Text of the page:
Jan 15 2015 - 1:56 pm

Counter-Strike update reverts nerf that was never announced

Valve's latest update to Counter-Strike: Global Offensive has reverted a change that was never announced to begin with
Dot Esports

Valve's latest update to Counter-Strike: Global Offensive has reverted a change that was never announced to begin with.

When Valve released a patch for the popular first-person shooter last week, the main highlight was the adjustment made to the CZ-75 sidearm, by far the most divisive weapon in the game.

But while most attention was on the handling of the CZ-75, another pistol was also affected as well. The number of ammunition clips for the P250 was reduced. In theory, this was as far as changes to the game’s weapons went.

In fact, the same adjustment made to the P250 was also made to the P2000 sidearm, and this change went unannounced.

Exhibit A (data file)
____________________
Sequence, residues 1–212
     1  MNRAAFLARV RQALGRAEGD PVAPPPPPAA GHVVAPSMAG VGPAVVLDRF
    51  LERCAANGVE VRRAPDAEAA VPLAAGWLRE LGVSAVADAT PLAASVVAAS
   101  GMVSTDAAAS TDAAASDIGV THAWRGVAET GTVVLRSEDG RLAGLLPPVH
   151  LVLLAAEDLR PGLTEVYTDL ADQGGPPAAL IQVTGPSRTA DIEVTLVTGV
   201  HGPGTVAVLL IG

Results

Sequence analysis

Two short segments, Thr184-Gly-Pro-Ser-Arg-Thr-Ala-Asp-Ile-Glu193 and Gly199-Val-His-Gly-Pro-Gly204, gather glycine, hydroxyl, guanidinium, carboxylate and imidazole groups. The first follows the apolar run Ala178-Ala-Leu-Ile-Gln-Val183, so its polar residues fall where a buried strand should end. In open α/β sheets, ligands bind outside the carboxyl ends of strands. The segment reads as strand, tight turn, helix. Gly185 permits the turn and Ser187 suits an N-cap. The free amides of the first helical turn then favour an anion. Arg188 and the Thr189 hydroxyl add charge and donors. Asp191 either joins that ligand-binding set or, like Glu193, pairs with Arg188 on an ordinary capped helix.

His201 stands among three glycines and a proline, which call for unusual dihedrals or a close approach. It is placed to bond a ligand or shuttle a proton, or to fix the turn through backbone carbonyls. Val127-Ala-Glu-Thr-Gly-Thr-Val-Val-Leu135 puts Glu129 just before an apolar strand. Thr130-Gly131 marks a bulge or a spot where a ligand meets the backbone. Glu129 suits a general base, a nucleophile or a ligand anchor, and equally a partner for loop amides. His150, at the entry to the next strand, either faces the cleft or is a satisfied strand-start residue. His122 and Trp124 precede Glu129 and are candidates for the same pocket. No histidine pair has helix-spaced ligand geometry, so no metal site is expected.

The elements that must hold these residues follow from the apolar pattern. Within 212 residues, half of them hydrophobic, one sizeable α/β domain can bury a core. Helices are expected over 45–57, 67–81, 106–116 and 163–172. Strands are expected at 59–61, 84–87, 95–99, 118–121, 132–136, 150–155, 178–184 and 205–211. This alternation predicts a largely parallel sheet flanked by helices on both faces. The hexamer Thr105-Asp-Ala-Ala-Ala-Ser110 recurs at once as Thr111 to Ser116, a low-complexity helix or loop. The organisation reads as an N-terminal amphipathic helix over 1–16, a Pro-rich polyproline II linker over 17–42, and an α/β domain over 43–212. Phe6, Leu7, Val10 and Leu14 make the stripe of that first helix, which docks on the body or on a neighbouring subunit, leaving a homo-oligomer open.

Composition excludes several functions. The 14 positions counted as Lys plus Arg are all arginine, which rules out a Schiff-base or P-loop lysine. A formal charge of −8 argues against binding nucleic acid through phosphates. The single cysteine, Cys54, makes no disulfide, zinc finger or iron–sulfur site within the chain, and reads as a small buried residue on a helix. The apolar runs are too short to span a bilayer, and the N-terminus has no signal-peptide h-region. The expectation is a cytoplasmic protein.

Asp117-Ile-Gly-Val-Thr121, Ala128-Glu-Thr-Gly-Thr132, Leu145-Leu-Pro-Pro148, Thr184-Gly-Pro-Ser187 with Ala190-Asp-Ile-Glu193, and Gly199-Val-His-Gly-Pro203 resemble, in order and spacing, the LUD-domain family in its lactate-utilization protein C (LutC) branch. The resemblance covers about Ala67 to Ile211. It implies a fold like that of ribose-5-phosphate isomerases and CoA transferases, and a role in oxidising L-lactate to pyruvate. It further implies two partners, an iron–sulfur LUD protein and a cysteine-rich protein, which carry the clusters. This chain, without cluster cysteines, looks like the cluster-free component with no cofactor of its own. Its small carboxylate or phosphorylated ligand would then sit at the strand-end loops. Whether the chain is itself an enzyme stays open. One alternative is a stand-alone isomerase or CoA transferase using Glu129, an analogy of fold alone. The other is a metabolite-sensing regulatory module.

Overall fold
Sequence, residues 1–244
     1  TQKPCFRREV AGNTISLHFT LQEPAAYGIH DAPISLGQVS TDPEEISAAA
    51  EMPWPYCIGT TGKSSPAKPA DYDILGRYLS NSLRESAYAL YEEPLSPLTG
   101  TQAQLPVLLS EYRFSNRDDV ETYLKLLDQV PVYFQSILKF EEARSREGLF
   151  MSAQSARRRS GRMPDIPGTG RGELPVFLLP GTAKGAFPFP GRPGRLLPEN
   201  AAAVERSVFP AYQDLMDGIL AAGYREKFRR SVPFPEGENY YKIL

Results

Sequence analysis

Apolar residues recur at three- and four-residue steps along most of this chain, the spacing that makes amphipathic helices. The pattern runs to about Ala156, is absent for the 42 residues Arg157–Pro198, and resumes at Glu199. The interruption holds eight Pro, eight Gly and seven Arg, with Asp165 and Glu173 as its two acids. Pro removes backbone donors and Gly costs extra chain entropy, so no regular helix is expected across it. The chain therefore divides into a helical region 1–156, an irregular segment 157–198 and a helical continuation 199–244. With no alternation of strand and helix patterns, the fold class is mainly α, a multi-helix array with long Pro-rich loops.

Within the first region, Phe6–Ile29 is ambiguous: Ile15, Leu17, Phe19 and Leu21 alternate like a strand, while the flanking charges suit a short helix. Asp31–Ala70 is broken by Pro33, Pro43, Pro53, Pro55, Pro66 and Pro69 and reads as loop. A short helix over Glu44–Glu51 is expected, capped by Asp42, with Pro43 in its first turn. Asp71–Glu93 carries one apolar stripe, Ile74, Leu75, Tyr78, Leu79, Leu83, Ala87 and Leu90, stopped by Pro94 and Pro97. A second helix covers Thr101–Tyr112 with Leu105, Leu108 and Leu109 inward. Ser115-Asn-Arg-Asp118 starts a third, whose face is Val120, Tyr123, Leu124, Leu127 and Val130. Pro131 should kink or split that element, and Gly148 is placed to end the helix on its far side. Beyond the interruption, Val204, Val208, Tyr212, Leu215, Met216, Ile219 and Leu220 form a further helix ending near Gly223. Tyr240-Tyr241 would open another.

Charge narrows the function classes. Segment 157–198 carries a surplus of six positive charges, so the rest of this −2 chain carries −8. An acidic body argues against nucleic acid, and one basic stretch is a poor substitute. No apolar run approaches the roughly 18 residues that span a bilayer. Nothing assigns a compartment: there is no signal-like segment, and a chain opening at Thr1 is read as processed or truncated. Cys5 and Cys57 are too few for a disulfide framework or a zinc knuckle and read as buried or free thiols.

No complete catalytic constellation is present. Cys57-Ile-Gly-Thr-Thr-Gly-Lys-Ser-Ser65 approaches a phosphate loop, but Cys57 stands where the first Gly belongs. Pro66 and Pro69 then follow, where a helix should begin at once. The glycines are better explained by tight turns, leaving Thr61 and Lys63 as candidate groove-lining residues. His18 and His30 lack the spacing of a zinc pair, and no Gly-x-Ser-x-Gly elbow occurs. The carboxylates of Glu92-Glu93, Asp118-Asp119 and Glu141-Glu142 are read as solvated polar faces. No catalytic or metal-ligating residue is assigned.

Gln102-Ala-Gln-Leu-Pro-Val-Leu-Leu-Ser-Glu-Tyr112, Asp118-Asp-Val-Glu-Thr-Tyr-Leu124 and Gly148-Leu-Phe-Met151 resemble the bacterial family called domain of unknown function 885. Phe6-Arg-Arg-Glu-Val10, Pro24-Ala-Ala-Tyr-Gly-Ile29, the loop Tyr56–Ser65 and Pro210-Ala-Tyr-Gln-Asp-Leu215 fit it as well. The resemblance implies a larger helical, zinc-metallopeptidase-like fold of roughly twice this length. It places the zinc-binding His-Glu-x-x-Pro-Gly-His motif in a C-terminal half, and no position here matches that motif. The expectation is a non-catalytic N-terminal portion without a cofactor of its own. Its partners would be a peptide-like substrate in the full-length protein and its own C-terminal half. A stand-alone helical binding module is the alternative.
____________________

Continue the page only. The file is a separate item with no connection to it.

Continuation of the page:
The number of ammo clips included with either pistol was reduced to three in the update. This might seem a small change on the surface, but it has the potential to dramatically affect the opening rounds of matches when all players are wielding only pistols and exchanges can sometimes be drawn out with plenty of reloading.

Having only three clips meant carefully conserving ammo in such situations. But that won’t be a concern anymore, as an additional update released less than a week later has reverted the change.

It’s an altogether strange situation. Valve’s patch notes offer that the gun’s ammo capacity has been “fixed,” implying that the original change was unintended. In spite of this indication, it’s hard to imagine the giant game developer accidentally extending a change made to one of the game’s weapons over to another.

Valve hasn’t clarified whether the original change was purposeful or not. The P250’s ammo clip count remains reduced.

The update also included a number of fixes for the map Cobblestone, which has become a staple in tournament play since Valve reintroduced it to is active list of competitive maps. These fixes include addressing clipping issues and the smoothening out of areas referred to as “sticky.”

Image via adreN_TV/YouTube

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